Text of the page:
Note: This computation assumes an infinite depth of the compressible layer. Other computation methods that allow for the rigid base (NAVFAC DM7.1211) indicate the difference between assuming an infinite compressible layer and a rigid base at a depth equal to 3 times the footing width (H/B = 3) below the footing can be estimated by computing the ratio between appropriate influence factors (I) as follows:
As per NAVFAC DM7.1212, and DM7.1213:
I for rigid circular area over infinite halfspace:
I for rigid circular area over stiff base at H/B of 3:
The influence value determined above is for a Poisson's ratio of 0.33. A Poisson's ration of 0.25 is used for the soil. This difference is small for the purposes of estimating elastic settlement.
Ratio of I values:
Since I is directly proportional to settlement, this ratio can be multiplied by S_{0} to arrive at a more realistic prediction of settlement of this footing.
This settlement will occur as load is applied to the footing and may involve some rotation of the footing due to eccentricities of the applied load. Since most of the loads will be applied after construction of the abutment (backfill, superstructure, deck) this will result in unacceptable displacement.
The structural engineer has determined that the structure can accommodate up to 1.5" of horizontal displacement and up to 0.5" vertical displacement. Given the magnitude of the predicted displacements, it is unlikely this requirement can be met. Thus, a deep foundation system or some form of ground improvement is required.
Note that the above calculation did not account for the weight of the approach embankment fill and the effect that this will have on the elastic settlement. Consideration of this would increase the settlement making the decision to abandon a spread footing foundation even more decisive.
Design Step P.5  Select Suitable Pile Type and Size
It will be assumed that for the purposes of this example, ground improvement methods such as vibroflotation, vibro replacement, dynamic deep compaction, and others have been ruled out as impractical or too costly. It is further assumed that drilled shaft foundations have been shown to be more costly than driven pile foundations under the existing subsurface conditions (granular, water bearing strata). Thus a driven pile foundation will be designed.
Of the available driven pile types, a steel Hpile end bearing on rock is selected for this application for the following reasons.
It is a low displacement pile which will minimize friction in the overlying soils.
It can be driven to high capacities on and into the top weathered portion of the rock.
It is relatively stiff in bending thus lateral deflections will be less than for comparably sized concrete or timber piles.
Soils have not been shown to be corrosive thus steel loss is not an issue.
To determine the optimum pile size for this application, consideration is given to the following:
1) Pile diameter:
HPiles range in size from 8 to 14 inch width. Since pile spacing is controlled by the greater of 30 inches or 2.5 times the pile diameter (D); pile sizes 12 inches and under will result in the same minimum spacing of 30 inches. Thus for preliminary analysis assume a 12 inch HPile.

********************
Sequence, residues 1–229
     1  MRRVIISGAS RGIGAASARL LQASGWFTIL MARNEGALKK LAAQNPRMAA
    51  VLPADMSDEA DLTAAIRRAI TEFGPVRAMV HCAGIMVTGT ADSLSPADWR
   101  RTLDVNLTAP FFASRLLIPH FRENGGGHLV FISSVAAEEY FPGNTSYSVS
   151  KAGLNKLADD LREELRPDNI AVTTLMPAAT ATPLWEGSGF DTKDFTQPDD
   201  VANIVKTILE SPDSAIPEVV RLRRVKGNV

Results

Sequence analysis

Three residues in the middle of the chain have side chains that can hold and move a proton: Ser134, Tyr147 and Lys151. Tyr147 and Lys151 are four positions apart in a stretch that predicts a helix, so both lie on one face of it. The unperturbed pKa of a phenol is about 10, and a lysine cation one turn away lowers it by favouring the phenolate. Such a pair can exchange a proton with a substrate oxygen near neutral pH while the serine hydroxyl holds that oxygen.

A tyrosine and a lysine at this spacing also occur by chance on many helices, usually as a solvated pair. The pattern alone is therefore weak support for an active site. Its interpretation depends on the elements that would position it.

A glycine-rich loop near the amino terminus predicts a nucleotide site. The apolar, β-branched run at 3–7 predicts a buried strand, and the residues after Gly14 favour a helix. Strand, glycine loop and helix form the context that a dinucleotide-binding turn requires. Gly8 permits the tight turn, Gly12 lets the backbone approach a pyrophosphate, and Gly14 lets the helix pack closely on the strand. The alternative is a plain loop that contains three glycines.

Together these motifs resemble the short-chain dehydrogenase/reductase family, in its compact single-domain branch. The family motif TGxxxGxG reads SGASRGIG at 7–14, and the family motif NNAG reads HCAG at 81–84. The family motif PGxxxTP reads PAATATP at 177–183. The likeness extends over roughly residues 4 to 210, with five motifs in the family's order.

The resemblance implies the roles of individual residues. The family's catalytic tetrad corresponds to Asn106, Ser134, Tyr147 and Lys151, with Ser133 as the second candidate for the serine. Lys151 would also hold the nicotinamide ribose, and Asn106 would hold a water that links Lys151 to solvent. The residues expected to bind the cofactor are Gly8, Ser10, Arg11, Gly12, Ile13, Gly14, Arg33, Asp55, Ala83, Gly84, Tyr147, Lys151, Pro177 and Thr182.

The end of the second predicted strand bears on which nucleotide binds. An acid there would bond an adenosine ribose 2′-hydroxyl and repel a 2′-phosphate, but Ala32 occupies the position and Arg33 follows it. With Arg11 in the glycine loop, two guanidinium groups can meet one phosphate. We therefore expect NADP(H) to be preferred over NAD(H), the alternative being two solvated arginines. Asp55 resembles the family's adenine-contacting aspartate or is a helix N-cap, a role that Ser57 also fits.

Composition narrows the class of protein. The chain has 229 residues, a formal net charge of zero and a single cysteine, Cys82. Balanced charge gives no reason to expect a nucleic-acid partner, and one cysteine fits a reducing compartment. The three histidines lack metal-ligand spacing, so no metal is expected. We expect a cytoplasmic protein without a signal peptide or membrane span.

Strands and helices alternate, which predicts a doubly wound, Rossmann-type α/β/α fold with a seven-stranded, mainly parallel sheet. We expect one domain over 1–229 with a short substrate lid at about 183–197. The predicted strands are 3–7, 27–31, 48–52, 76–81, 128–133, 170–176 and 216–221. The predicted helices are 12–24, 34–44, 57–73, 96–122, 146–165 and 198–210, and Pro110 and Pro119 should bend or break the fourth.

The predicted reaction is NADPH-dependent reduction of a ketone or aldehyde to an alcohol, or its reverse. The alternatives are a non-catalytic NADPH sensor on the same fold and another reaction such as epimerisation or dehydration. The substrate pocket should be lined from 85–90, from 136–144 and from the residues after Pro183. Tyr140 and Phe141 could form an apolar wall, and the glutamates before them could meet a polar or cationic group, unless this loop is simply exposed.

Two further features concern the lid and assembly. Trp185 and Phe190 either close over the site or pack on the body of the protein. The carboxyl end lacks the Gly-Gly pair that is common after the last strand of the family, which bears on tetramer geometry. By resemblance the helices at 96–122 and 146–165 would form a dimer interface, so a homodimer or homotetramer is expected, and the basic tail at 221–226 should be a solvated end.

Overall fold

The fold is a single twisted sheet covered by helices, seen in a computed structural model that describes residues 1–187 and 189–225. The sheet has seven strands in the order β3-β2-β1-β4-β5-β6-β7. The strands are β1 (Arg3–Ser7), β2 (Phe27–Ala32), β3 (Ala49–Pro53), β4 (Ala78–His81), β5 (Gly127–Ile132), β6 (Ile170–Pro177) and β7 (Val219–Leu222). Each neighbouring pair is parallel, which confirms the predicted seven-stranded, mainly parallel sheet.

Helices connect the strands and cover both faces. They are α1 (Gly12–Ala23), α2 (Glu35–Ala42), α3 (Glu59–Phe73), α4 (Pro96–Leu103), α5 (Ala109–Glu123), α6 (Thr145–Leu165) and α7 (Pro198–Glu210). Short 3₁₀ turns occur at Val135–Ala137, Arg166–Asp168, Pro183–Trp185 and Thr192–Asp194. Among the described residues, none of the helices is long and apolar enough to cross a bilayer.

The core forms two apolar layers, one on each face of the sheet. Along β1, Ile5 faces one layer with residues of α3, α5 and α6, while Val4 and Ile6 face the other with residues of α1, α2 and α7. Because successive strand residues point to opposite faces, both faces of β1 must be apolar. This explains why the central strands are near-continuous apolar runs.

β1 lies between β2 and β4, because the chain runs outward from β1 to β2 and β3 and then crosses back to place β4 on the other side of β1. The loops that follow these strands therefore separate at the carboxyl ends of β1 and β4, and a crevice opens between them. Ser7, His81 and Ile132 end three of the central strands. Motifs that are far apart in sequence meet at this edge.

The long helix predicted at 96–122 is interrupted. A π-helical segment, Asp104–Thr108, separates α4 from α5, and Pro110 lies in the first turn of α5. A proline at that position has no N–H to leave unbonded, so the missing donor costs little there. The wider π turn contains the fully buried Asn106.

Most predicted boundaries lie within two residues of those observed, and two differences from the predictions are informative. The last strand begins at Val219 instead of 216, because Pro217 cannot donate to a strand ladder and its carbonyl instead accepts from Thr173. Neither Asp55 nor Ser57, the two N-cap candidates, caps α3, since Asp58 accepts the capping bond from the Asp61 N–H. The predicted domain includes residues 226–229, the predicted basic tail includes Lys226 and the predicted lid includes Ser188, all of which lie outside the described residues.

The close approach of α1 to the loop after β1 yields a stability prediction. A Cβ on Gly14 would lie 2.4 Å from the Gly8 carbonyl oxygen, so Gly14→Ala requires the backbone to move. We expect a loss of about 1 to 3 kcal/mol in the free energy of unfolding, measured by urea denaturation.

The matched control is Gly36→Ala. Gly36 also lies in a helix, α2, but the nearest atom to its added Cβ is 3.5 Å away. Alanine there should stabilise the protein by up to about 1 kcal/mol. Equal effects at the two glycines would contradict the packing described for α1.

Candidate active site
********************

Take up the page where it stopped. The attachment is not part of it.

2) Absolute Minimum Spacing:
Per referenced article, spacing is to be no less than:
S10.7.1.5
Where the pile diameter:
3) Minimum pile spacing to reduce group effects:
As per FHWAHI96033, Section 9.8.1.1:
Axial group effects for end bearing piles on hard rock are likely to be negligible thus axial group capacity is not a consideration. However, note that the FHWA driven pile manual recommends a minimum cc spacing of 3D or 1 meter in granular soils to optimize group capacity and minimize installation problems. The designer's experience has shown 3D to be a more practical limit that will help avoid problems during construction.
Lateral group effects are controlled by pile spacing in the direction of loading and perpendicular to the direction of loading.
From Reese and Wang, 1991, Figure 5.3 (personal communication):
For spacing perpendicular to the direction of loading 3D results in no significant group impacts.
As per FHWAHI96033, Section 9.8.4 & NACVFAC DM7.2241:
For spacing in the direction of loading, various model studies indicate that group efficiency is very low at 3D spacing, moderate at about 5D spacing and near 100% for spacings over about 8D. Thus it is desirable to maintain at least 5D spacing in the direction of the load and preferable to maintain 8D spacing.
Maximum pile spacing
Spacing the piles more than 10 feet cc results in higher bending moments in the pile cap between each pile and negative bending moments over the top of each pile that may result in additional steel reinforcing or thicker pile caps. Thus it is desirable to keep the pile spacing less than 10 feet cc.
4) Edge clearance
Referenced section indicates minimum cover:
S10.7.1.5
Thus for a 12 inch pile, minimum distance from edge of footing to center of pile:
5) Maximum pile cap dimensions
The length of the pile cap in the direction perpendicular to the centerline (L) is limited to the width of the abutment. Thus:
From Design Step P.4:
The width of the pile cap in the direction parallel to the centerline of the bridge (B) can generally be made wider as required. Initial loadings were developed assuming a width of 10.25 FT thus use this dimension as a starting point.